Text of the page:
Surprisingly, the drug her team identified is not a natural marine compound at all. It is actually a marine contaminant that was simply concentrated by the sponges. Though she did not end up working to find solutions for environmental contaminants, Dr. Sadar did find an environmental contaminant while fishing the ocean for drugs that could be used as a potential solution for cancer.
A clinical trial
In 2009, Dr. Sadar founded ESSA Pharma Inc. to further develop the drug. Only one in every 1,000 drugs that show promise in the laboratory make it to clinical trials, and in 2015, Ralaniten became one of them. The international clinical trial, co-led by BC Cancer Medical Oncologist Dr. Kim Chi, tested the drug for advanced stage prostate cancer. The results were bittersweet.
“These were patients who would normally burn through treatments in a couple of months before you need to put them on something else,” says Dr. Sadar, “some of the patients in this trial survived on the drug for more than a year.”
While the drug looked promising, it did not cure the patients in the trial. But Dr. Sadar’s team now knows why. The drug was quickly being eliminated from the patients’ bodies, meaning that in between doses, there was very little drug left in their systems.
Scientists at ESSA Pharma are now working hard to modify Ralaniten, optimizing it to remain in patients’ systems longer. New formulations are ready to go into clinical trials later this year.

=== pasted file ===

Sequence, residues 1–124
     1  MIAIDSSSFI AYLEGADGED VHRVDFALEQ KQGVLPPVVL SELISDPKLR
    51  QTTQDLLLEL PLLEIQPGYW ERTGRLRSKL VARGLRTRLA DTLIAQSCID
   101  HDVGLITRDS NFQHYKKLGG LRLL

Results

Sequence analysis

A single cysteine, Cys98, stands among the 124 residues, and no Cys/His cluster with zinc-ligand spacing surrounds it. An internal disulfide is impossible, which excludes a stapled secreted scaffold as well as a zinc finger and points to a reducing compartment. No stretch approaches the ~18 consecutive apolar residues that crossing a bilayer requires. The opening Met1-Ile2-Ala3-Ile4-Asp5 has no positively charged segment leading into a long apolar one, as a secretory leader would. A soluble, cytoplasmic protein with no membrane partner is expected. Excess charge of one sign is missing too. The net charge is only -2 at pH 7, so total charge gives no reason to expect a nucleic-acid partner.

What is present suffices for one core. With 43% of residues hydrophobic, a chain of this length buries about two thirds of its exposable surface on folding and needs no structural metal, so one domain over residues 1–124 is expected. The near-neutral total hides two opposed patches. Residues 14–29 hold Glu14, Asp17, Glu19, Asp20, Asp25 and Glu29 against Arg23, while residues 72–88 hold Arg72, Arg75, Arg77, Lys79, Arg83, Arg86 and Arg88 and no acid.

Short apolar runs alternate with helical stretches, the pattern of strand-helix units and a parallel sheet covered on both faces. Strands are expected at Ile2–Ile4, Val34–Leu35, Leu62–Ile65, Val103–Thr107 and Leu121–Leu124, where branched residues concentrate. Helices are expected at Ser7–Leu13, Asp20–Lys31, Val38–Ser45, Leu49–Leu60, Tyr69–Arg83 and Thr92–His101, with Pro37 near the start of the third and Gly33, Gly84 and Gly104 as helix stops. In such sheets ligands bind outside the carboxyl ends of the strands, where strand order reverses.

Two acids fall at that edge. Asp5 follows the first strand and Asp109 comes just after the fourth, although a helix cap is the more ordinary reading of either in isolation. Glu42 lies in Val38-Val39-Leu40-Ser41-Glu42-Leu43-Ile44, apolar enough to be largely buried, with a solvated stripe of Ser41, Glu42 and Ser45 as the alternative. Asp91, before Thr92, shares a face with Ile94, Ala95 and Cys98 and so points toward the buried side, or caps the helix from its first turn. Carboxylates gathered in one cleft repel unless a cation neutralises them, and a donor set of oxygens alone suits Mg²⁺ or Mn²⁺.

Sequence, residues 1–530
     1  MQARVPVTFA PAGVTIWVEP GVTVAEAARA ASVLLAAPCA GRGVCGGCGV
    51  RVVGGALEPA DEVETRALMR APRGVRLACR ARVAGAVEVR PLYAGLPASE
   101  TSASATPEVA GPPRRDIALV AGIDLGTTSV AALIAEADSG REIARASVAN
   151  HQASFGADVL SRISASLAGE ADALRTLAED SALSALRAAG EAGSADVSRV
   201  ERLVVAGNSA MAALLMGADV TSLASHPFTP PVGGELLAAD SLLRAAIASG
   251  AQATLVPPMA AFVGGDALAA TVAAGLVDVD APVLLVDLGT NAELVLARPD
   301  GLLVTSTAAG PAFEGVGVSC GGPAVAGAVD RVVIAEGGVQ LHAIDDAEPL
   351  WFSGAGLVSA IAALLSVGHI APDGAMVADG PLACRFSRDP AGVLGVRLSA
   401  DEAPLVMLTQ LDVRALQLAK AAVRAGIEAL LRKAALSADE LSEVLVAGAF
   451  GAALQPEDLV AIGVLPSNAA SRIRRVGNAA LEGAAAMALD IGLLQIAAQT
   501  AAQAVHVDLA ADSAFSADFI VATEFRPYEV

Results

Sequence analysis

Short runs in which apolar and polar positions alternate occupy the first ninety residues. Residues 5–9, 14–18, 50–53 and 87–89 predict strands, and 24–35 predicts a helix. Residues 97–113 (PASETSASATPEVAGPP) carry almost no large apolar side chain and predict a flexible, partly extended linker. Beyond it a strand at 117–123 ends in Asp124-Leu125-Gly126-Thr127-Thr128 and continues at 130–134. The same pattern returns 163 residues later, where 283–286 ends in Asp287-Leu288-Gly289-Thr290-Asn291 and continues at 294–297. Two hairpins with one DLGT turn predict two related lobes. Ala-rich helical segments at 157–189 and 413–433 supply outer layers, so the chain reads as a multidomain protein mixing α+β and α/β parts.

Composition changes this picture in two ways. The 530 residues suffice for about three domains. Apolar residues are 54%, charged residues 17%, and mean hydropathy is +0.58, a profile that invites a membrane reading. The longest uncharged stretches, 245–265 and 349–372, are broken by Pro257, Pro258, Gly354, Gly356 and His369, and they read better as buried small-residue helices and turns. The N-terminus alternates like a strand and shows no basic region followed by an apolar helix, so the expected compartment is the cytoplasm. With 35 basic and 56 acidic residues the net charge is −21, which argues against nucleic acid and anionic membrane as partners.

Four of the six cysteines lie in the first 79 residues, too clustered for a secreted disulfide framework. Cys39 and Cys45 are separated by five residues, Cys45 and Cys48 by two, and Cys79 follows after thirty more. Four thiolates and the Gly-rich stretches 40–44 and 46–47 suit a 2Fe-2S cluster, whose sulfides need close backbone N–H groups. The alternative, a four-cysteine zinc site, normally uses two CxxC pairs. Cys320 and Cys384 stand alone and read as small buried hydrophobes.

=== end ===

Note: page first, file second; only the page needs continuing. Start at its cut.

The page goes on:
“The entire focus of the company has been to ensure that the drug is stable and not metabolized quickly,” says Dr. Sadar. “They have done a lot of work to try to make sure that the blood levels stay very high throughout the dosing period.”
The road less traveled
Science is an iterative process, each new discovery building upon the findings of others. But sometimes, a scientist needs to be the first.
“It is really tough, not having previous work to build off of,” says Dr. Sadar. “We had to figure everything out for ourselves. And that takes a lot of time, dedication and hard work. I am so fortunate to have worked among so many who have pursued in the face of these challenges. I am grateful for collaborators like Dr. Andersen, who consistently kept up our morale when we didn’t get the success we had hoped for.”
Dr. Sadar is also grateful for the support she has received over the years from Country Meadows Senior Men’s Golf Club. Their charity event has run every year since 1999, making it the longest running event at BC Cancer Foundation, and has provided the Sadar lab with the equipment needed to do their research.
“I took on this challenge with one goal in mind,” says Dr. Sadar, “And that is to make a difference in the lives of men living with prostate cancer. I have devoted my entire career to this, and I remain very optimistic.”